GEORGE A. BEITH, retired farmer, Campton Township, Kane County, born .Jan. 7, 1848, in St. Charles, Ill., son of William and Mary (Allen) Beith was educated in the public schools, the private school of Mr. McClellan, and the Bryant & Stratton's Business College of Chicago, where he took a course. In 1892 he bought the old homestead farm of his father, having already bought the Kenier place adjoining. For three years he was Assessor, and has been School Director since he was twenty-one years old. He is a deacon and trustee of the Congregational Church, of which he has been treasurer since its organization. He was married Sept. 21, 1871, to Miss Lucinda, daughter of Almon and Hannah (Smith) Richmond.


BELLEVUE PLACE SANITARIUM, an institution for the treatment of female patients afflicted with nervous and mental disorders, located at Batavia, Ill. It was founded in 1867, by Dr. Richard J. Patterson, who was a noted specialist in this line and had previously had a wide experience in other institutions of like character. The institution gained a wide celebrity under Dr. Patterson's management, which continued until his death in 1892. It is still continued under the management of Dr. Patter son's successors, who have introduced many improvements since his death, and many distinguished patients have received treatment within its walls.


LEONARD BENJAMIN (deceased), pioneer; born at Sangerfield, N. Y., in 1813; came to Illinois in 1837, locating on Government land in Sugar Grove Township, Kane County, where he resided and carried on general farming and stock-raising until his death in 1895. The old homestead is now the residence of his son, Todd Benjamin. Mr. Benjamin was also one of the pioneer school teachers of Kane County. He was married in 1847 to Miss Lucretia Emery, who still survives her husband and lives in Sugar Grove.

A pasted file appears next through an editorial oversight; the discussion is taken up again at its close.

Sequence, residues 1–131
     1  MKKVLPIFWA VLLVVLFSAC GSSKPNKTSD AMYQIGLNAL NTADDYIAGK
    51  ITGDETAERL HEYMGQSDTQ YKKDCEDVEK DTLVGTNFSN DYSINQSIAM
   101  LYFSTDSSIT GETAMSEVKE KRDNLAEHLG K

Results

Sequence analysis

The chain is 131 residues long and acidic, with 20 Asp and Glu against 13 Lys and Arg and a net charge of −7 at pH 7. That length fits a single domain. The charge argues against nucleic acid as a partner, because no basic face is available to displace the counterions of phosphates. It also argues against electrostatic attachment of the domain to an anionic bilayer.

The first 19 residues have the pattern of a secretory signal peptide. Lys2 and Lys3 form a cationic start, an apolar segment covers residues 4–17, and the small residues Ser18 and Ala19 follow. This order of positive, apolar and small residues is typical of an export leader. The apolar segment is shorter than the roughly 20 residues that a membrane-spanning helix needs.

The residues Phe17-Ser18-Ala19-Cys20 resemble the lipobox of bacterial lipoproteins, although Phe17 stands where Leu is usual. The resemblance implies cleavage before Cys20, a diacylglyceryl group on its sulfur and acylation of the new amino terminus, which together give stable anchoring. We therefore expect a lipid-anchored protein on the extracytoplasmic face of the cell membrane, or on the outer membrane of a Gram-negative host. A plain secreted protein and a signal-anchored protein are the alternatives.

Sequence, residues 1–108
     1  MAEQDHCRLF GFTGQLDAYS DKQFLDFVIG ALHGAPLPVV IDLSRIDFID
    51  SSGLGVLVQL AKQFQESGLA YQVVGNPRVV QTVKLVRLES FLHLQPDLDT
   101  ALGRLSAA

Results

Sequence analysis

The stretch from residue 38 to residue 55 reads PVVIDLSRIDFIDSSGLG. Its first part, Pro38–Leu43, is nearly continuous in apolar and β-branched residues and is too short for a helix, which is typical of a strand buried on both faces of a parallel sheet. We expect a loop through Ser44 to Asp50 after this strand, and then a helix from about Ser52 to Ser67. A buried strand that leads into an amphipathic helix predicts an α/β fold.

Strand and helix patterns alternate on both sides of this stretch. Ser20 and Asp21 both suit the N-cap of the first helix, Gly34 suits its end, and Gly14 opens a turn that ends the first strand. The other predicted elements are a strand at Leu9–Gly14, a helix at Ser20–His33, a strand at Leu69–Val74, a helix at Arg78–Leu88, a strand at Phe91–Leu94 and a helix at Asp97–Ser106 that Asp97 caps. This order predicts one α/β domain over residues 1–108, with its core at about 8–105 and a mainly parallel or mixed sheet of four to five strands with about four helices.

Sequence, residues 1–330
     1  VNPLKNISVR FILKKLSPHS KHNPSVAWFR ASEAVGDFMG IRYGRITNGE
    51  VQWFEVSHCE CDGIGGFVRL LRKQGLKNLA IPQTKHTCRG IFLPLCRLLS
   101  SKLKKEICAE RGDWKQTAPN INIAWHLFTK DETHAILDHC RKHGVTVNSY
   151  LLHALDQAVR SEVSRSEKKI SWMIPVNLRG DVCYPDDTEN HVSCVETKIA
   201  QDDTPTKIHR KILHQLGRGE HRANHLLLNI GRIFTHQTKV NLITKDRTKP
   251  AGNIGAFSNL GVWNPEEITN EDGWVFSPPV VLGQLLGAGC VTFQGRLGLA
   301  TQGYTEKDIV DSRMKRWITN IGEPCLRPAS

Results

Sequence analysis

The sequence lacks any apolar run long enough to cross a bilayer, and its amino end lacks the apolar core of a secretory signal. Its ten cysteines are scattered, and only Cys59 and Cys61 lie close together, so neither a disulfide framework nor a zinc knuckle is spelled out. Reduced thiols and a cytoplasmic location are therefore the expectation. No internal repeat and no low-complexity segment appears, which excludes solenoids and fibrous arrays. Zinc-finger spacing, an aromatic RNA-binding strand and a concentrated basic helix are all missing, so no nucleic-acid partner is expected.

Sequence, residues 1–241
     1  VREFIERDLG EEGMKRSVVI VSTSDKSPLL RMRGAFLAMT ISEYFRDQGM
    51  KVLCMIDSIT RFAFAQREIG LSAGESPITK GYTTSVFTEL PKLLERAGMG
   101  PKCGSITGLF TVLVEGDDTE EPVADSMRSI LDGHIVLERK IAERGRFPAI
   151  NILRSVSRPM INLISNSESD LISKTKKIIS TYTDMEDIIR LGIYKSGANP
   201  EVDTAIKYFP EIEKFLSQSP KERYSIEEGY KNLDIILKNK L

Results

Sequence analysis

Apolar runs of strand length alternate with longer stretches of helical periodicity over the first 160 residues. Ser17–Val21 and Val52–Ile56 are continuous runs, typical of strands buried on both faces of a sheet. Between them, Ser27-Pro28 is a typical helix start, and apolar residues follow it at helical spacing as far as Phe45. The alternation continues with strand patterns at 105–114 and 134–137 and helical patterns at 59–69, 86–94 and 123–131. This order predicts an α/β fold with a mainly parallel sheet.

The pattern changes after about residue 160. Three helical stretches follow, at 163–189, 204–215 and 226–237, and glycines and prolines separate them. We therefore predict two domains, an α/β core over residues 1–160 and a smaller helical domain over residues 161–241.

PRATT BENJAMIN, farmer and Stock-raiser, Sugar Grove Township, Kane County born in the township where he now resides, June 5, 1855; was reared on a farm and educated in the public schools, the Sugar Grove Normal and Industrial Institute and the Jennings Seminary, Aurora. He has been engaged in farming during his entire business career. Mr. Benjamin was married in 1878 to Miss Jane Densmore.


ARTHUR A. BENNETT, manufacturer, St. Charles, Ill., was born in Montpelier, Vt., July 31, 1847, son of George H. and Emeline Bennett, in his youth becoming a graduate of the Montpelier high school and a student of Dartmouth College. Upon leaving college he became interested in farming, in which he was engaged a number of years, his next employment being in connection with the creamery business in New York, after which going to Canada, he there built and equipped about thirty creameries. In Burlington, Vt., he entered into the employ of a company for making sugar from milk. This is factory was removed in 1886 to St. Charles, where it is now the National Sugar Milk Company, with Mr. Bennett as its General Manager. He served as Mayor of St. Charles four consecutive terms - from 1891 to 1899. Mr. Bennett was married in October, 1868, to Miss Harriet French of Vermont, who died in 1881. He was again married, May 3, 1883, to Miss Eleanor Needham, of Montpelier, Vt., One daughter, Clara E., was born of the first marriage, and two sons, Edward E. and Sydney R., of the second union. Mr. Bennett is a member of the Masonic fraternity.